Legislation to address the influx of child migrants crossing the border will dominate the House and Senate this week, but the chances of a deal landing on the president's desk are slim.

House Republicans have still not united around any plan regarding the border. Many Republicans want to at least pass a bill before adjourning on Thursday for the five-week August recess. But many conservatives don't think additional funding for the Obama administration will be a remedy.

Democrats, meanwhile, remain largely opposed to including policy changes that expedite deportations of the immigrant children.

The Senate may vote this week on a $2.7 billion measure introduced by Senate Appropriations Committee Chairwoman Barbara MikulskiBarbara Ann MikulskiDems ponder gender politics of 2020 nominee Robert Mueller's forgotten surveillance crime spree Clinton: White House slow-walking Russia sanctions MORE (D-Md.) that does not include policy modifications. 

However, Mikulski's bill is unlikely to garner the necessary 60 votes to clear an expected GOP filibuster. 

House GOP lawsuit

The House will vote this week on a resolution authorizing the Republican lawsuit against President Obama for his use of executive action.

At the center of the lawsuit is Obama's executive action to delay the healthcare law's mandate requiring employers with 50 or more workers to provide insurance coverage. 

Republicans say the lawsuit is necessary because Obama has overstepped his authority as president. But Democrats argue it is a "political stunt" ahead of the midterm elections.

A vote on the resolution is expected Thursday.

Will there be a VA deal?

House and Senate negotiators are racing to reach an agreement on legislation to overhaul the Department of Veterans Affairs before leaving for the August recess.

Both chambers have each passed bills to allow veterans to seek care from non-VA facilities. Disagreements, however, remain over how to pay for the legislation.

Republicans insist that any legislation should be offset. But Senate Veterans Affairs Committee Chairman Bernie SandersBernard (Bernie) SandersGillibrand unveils bill to offer banking services at post offices Webb: Bernie Sanders announces his ‘new’ communism jobs, health-care plan A new progressive standard on campaign cash: It can't come from corporations MORE (I-Vt.) and other Democrats are willing to only offset some, but not all, of the cost. Many Democrats have pointed out that the Iraq and Afghanistan wars were not offset.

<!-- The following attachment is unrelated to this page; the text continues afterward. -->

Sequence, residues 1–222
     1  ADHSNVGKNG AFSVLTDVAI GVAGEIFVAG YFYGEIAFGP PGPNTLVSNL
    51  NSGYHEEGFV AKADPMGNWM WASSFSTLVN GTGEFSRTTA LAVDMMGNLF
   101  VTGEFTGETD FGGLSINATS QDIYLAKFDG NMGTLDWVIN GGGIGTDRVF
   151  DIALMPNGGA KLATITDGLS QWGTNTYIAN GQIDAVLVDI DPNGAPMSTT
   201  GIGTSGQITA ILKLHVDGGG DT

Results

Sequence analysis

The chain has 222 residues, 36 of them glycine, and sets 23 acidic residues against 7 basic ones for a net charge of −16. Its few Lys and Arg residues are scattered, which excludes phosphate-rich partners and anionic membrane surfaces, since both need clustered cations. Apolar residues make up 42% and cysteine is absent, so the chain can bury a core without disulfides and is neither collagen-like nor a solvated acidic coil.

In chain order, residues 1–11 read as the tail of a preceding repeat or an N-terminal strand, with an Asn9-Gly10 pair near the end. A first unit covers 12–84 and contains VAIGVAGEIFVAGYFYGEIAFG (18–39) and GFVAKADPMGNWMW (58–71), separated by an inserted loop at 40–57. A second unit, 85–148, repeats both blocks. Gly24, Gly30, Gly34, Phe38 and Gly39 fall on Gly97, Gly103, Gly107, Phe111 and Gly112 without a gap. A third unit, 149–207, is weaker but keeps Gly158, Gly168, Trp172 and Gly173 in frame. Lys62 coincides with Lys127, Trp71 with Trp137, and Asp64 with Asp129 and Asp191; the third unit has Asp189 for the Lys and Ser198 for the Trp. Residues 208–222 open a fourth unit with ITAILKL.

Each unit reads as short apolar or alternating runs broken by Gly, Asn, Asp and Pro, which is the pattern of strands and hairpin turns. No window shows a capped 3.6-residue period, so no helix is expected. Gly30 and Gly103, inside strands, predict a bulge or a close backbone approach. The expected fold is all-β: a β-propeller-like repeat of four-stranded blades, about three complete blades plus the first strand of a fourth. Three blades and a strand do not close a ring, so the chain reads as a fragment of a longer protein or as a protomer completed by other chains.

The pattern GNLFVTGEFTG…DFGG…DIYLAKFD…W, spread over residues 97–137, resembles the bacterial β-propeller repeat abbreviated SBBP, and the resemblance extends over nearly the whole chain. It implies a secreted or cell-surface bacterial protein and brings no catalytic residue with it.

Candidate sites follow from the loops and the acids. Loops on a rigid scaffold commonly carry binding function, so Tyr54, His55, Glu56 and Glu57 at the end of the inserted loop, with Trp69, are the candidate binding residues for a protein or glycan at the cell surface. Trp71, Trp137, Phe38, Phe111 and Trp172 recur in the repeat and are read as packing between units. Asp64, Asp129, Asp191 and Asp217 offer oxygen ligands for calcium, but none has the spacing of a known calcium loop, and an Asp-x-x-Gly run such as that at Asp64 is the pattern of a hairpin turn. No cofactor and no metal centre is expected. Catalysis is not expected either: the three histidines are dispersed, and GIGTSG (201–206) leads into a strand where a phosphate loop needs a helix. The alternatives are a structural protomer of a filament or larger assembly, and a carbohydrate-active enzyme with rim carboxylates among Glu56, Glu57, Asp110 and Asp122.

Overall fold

Nonetheless, both sides want to avoid leaving Washington without an agreement as veterans continue to wait months for medical appointments.

In the meantime, the Senate is expected to vote on the confirmation of the new VA secretary nominee, former Procter & Gamble executive Robert McDonald.


The Senate will vote on legislation to maintain the Highway Trust Fund through May 2015.

The Highway Trust Fund is projected to run out of money next month absent congressional action.

Earlier this month, the House passed its version on a 367-55 vote. The measure would be offset using revenue from "pension smoothing," customs user fees and funds from an account dealing with leaking underground storage tanks.

Senate Majority Leader Harry ReidHarry Mason ReidGOP moves to cut debate time for Trump nominees Harry Reid: ‘The less we talk about impeachment, the better off we are’ Lobbying world MORE (D-Nev.) said he will also allow votes on an alternative bipartisan bill to replenish the Highway Trust Fund through Dec. 31, as well as two GOP amendments. 

Ramsey Cox and Martin Matishak contributed.


Below is a more detailed schedule of the week ahead:


The House will vote at 6:30 p.m. on a series of bills under suspension of the rules. Measures on tap include a bill, H.R. 3846, to authorize Customs and Border Protection and clarify the Department of Homeland Security's mission. Another bill, H.R. 1771, would tighten enforcement of sanctions against North Korea.

The Senate will convene at 2 p.m. for leadership remarks. At 5:30 p.m., senators will vote on the nomination of Pamela Harris to be a U.S. circuit judge for the fourth circuit. Afterward, the Senate will vote on the following nominations:

- Joseph P. Mohorovic to be a commissioner of the Consumer Product Safety Commission
- Elliot F. Kaye to be a commissioner and chairman of the Consumer Product Safety Commission
- Brian P. McKeon to be a Principal Deputy Under Secretary of Defense


The House will consider further bills under suspension of the rules, including a measure, H.R. 4709, to establish enforcement standards for prescription drug abuse. It will also take up a bill, H.R. 4315, to require the Secretary of the Interior or Secretary of Commerce to publish data online regarding whether a species should be designated as "endangered" or "threatened." The legislation includes the text of three other measures regarding the Endangered Species Act.

The Senate may continue work on the Bring Jobs Home Act sponsored by Sen. John Walsh (D-Mont.). 


The House may continue work on the Endangered Species Act legislation, or it may consider legislation regarding the child migrants crossing the border.

The Senate may turn to voting on the Highway Trust Fund.


The House will vote on a resolution authorizing the House GOP lawsuit against President Obama for his use of executive action.

The Senate may consider its own border bill before adjourning for the recess.